All these years later Caddyshack still holds a place in the hearts of … caddies!

caddyshack golf movie

Caddyshack hit theaters in June 1980.

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These are interesting times. My local paper, The Philadelphia Inquirer, has had a weekly series called “One Movie, One Philly.” Bill Murray has made two appearances already: Groundhog Day (of course!) and Caddyshack. Gary Thompson, a longtime Philadelphia movie critic, did a Zoom session with Neil Oxman about it. Neil (a close friend of mine) has caddied in hundreds of Tour events and senior events, and has seen thousands of movies. Regarding Caddyshack, he told Thompson, “It’s been deconstructed more than Citizen Kane.” Neil’s an original.

Philadelphia has produced a number of interesting Tour caddies, Neil among them. Also Mike Mazzeo, who caddied for Fuzzy Zoeller for years. The late Nick DePaul, who worked, and survived, his years with Seve Ballesteros. They won the ’83 Masters together and the ’84 Open at St. Andrews. Mike Boyce, who caddied for Roger Maltbie in his colorful prime and Gil Morgan and various others.

For years to come, there will be Philadelphia caddies who go to college on scholarships named for Nick and Mike. Everybody knows about the Chick Evans caddie scholarship in Chicago. Herb Wind’s sister used to run a similar kind of program in Boston named for Francis Ouimet. The one in Philadelphia is named for an amateur named J. Wood Platt. Platt once opened a round at Pine Valley with these scores: birdie 3; eagle 2; hole-in-one; birdie 3. The 4th hole at Pine Valley is beside the clubhouse. He walked in and didn’t come out.

That's debatable graphic
What’s the best golf comedy, ‘Caddyshack’ or ‘Tin Cup’?
By: GOLF Editors

Caddyshack came out in late July 1980. It was still playing in theaters when the Tour came to upstate New York in late August for the B.C. Open. The B.C. Open was a holy week for caddies. There was a caddie tournament on the Monday after. There was a caddie-player softball game. Alex Alexander, the tournament director, had a soft spot for caddies. A bunch of loopers, Mike Boyce among them, went to see Caddyshack that week. It was a good year for movies: Raging Bull, Ordinary People — and Caddyshack. The Binghamton paper summed it up thusly: “Crude comedy about a golf club invaded by the likes of Rodney Dangerfield and Chevy Chase.”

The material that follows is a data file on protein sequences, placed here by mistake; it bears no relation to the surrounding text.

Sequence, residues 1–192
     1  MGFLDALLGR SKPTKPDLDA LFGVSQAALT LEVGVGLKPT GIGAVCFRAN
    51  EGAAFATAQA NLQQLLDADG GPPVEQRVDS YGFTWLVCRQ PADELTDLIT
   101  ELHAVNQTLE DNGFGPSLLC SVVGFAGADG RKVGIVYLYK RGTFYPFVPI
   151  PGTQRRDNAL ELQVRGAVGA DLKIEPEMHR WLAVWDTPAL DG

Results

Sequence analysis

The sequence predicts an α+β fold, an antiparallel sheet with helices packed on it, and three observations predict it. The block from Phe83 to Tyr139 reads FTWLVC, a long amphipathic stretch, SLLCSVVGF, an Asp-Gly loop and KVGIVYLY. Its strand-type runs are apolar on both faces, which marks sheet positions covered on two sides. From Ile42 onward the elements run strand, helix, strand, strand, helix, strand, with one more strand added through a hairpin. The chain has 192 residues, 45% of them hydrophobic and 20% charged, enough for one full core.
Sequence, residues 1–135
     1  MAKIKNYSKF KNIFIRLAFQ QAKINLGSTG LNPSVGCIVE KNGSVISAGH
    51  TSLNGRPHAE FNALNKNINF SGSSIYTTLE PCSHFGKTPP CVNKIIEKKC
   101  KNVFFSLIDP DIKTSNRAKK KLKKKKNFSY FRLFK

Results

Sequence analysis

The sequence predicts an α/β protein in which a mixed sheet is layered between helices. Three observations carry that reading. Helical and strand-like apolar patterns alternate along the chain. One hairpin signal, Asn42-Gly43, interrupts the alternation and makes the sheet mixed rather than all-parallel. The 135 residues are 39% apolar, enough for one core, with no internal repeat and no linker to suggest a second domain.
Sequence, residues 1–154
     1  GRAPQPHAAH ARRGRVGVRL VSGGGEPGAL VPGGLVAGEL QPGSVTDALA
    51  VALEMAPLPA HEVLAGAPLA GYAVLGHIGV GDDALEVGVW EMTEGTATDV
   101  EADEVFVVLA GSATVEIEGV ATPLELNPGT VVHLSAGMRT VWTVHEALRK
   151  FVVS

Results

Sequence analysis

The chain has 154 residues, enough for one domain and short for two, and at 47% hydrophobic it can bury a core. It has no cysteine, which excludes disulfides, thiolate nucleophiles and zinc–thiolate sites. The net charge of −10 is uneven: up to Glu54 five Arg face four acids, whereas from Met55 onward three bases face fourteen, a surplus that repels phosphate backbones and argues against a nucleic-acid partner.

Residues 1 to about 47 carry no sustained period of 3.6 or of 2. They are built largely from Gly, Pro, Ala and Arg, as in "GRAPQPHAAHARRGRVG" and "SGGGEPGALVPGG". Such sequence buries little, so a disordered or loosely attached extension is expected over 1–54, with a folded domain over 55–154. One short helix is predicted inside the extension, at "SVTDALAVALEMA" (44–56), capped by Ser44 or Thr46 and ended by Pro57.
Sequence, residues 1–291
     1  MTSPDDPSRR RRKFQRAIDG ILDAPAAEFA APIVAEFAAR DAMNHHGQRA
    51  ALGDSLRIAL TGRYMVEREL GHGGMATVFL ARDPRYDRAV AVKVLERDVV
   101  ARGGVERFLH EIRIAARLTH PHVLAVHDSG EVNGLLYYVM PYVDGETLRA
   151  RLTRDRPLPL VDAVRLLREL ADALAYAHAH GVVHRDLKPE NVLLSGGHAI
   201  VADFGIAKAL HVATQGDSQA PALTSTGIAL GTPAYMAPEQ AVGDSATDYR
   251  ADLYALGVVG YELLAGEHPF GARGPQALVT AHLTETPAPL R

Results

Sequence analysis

Invaded is a little strong. Ty Webb (Chevy) was a member at Bushwood C.C., and Al Czervik (Rodney) an invited guest. In any event, what Lawrence of Arabia is to serious film scholars, Caddyshack is to a whole bunch of caddies, working and retired. I’ll leave the rest of the deconstruction to Neil.

Michael Bamberger welcomes your comments or suggestions at Michael_Bamberger@golf.com.

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Michael Bamberger

Golf.com Contributor

Michael Bamberger writes for GOLF Magazine and GOLF.com. Before that, he spent nearly 23 years as senior writer for Sports Illustrated. After college, he worked as a newspaper reporter, first for the (Martha’s) Vineyard Gazette, later for The Philadelphia Inquirer. He has written a variety of books about golf and other subjects, the most recent of which is The Second Life of Tiger Woods. His magazine work has been featured in multiple editions of The Best American Sports Writing. He holds a U.S. patent on The E-Club, a utility golf club. In 2016, he was given the Donald Ross Award by the American Society of Golf Course Architects, the organization’s highest honor.